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  1. Science Is Awe-Some: The Emotional Antecedents of Science Learning.Piercarlo Valdesolo, Andrew Shtulman & Andrew S. Baron - 2017 - Emotion Review 9 (3):215-221.
    Scientists from Einstein to Sagan have linked emotions like awe with the motivation for scientific inquiry, but no research has tested this possibility. Theoretical and empirical work from affective science, however, suggests that awe might be unique in motivating explanation and exploration of the physical world. We synthesize theories of awe with theories of the cognitive mechanisms related to learning, and offer a generative theoretical framework that can be used to test the effect of this emotion on early science learning.
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  • Corrugator Activity Confirms Immediate Negative Affect in Surprise.Sascha Topolinski & Fritz Strack - 2015 - Frontiers in Psychology 6.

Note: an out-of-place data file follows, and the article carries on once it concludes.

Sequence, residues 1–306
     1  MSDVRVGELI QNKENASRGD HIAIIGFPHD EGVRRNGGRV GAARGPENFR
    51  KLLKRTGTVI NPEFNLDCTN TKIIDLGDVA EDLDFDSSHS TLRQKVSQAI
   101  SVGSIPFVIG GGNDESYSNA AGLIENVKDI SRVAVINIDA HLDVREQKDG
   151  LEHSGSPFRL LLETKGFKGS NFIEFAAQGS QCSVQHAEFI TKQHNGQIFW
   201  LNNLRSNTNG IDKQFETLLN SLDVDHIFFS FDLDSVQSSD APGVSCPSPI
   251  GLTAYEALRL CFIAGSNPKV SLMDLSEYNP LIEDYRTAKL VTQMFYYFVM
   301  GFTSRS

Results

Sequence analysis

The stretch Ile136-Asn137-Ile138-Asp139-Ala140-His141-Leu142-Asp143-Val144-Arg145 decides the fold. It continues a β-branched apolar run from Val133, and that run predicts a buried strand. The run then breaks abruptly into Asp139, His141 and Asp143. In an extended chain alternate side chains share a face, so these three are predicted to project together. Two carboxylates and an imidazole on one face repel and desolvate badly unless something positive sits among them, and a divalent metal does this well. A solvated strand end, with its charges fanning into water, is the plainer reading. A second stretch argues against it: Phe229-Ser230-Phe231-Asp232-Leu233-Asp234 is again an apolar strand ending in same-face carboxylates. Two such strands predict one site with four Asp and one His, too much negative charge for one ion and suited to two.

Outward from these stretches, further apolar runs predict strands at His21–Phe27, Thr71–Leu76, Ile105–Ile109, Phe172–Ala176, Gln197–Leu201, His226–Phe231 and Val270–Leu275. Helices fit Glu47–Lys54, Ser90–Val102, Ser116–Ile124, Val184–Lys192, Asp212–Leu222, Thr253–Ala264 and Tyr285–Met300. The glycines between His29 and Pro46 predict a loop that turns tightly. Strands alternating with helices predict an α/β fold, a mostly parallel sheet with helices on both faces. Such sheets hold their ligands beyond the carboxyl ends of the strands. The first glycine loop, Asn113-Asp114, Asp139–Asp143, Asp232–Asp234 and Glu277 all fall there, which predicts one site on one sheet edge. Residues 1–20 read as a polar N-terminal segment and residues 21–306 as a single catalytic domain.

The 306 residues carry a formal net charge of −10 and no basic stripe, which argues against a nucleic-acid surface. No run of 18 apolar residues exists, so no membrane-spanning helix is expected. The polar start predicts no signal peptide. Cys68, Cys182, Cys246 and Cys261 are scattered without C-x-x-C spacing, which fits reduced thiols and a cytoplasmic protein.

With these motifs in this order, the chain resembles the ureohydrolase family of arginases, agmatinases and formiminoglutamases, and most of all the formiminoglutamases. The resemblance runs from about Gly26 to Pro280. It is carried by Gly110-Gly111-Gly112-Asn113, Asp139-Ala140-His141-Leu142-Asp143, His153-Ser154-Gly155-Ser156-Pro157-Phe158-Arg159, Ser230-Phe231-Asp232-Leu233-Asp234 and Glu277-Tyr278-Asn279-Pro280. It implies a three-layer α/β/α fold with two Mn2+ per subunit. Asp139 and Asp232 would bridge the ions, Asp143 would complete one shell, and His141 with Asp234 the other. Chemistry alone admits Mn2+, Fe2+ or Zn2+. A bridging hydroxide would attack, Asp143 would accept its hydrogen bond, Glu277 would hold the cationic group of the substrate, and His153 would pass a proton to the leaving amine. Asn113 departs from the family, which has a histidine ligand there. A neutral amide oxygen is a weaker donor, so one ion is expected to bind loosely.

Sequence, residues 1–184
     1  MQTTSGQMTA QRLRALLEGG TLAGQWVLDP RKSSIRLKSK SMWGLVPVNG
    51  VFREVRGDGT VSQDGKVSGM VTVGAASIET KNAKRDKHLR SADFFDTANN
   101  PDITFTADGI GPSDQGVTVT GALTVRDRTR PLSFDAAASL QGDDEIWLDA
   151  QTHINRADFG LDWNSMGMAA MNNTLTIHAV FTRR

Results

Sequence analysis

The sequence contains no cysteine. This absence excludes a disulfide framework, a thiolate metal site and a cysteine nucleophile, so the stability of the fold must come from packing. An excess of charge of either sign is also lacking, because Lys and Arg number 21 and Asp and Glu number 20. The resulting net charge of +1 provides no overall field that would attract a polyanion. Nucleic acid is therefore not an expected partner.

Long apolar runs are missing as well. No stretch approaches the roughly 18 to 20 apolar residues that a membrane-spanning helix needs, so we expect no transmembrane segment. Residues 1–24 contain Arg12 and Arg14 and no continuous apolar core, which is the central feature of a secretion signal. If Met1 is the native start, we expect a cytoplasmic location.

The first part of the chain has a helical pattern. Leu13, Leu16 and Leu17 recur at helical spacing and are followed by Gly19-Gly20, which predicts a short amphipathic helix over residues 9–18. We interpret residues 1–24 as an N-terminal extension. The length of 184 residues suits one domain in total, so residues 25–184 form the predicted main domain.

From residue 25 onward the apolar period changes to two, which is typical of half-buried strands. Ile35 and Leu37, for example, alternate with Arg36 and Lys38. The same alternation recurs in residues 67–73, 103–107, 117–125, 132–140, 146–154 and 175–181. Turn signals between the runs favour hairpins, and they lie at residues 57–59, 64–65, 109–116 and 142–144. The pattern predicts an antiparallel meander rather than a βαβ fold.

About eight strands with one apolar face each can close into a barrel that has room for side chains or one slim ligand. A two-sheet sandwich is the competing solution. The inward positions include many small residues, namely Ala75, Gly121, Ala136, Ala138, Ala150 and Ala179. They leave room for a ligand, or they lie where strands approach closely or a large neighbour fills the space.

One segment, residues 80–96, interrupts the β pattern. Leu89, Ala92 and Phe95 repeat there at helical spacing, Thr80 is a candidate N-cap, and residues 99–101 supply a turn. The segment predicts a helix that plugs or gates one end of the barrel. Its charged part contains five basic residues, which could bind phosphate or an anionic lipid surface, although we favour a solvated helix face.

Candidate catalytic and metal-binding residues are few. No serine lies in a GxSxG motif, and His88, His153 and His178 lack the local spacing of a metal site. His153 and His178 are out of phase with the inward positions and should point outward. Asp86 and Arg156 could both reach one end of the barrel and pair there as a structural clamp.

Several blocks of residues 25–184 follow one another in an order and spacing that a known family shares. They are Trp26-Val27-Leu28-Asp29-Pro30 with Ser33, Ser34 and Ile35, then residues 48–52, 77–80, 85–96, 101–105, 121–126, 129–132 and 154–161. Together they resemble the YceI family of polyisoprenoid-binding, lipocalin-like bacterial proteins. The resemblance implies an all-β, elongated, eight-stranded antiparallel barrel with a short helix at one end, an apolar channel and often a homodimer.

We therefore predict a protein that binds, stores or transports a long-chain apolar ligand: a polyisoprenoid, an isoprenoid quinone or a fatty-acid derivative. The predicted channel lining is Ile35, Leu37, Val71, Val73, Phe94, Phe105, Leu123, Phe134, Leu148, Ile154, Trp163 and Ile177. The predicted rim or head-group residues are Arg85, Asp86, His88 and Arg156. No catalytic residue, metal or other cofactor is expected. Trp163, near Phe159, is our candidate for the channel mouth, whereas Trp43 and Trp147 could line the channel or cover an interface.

• Override the Controversy: Analytic Thinking Predicts Endorsement of Evolution.Will M. Gervais - 2015 - Cognition 142:312-321.
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  • Science Demands Explanation, Religion Tolerates Mystery.Emily G. Liquin, S. Emlen Metz & Tania Lombrozo - 2020 - Cognition 204:104398.
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  • Surprise: Unfolding of Facial Expressions.Marret K. Noordewier & Eric van Dijk - 2019 - Cognition and Emotion 33 (5):915-930.
    ABSTRACTResponses to surprising events are dynamic. We argue that initial responses are primarily driven by the unexpectedness of the surprising event and reflect an interrupted and surprised state in which the outcome does not make sense yet. Later responses, after sense-making, are more likely to incorporate the valence of the outcome itself. To identify initial and later responses to surprising stimuli, we conducted two repetition-change studies and coded the general valence of facial expressions using computerised facial coding and specific facial (...)
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